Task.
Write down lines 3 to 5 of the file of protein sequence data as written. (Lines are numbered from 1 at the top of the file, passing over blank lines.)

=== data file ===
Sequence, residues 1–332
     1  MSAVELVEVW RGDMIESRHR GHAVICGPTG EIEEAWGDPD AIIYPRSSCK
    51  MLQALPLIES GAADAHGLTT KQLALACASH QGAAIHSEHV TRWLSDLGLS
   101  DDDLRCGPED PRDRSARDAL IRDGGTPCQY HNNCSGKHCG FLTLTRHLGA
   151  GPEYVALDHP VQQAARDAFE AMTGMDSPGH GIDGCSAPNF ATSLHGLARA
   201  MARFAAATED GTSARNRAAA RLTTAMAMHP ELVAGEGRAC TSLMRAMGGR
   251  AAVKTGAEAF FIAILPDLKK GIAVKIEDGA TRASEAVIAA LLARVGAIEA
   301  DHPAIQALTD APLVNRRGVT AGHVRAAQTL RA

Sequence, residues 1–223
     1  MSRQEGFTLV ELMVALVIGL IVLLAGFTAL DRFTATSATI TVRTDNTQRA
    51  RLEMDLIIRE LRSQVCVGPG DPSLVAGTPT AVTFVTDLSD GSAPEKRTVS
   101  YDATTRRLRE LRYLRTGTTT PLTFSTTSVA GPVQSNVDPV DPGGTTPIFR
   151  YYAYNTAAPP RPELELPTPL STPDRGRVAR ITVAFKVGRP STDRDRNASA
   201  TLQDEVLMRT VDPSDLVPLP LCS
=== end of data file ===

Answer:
    51  MLQALPLIES GAADAHGLTT KQLALACASH QGAAIHSEHV TRWLSDLGLS
   101  DDDLRCGPED PRDRSARDAL IRDGGTPCQY HNNCSGKHCG FLTLTRHLGA
   151  GPEYVALDHP VQQAARDAFE AMTGMDSPGH GIDGCSAPNF ATSLHGLARA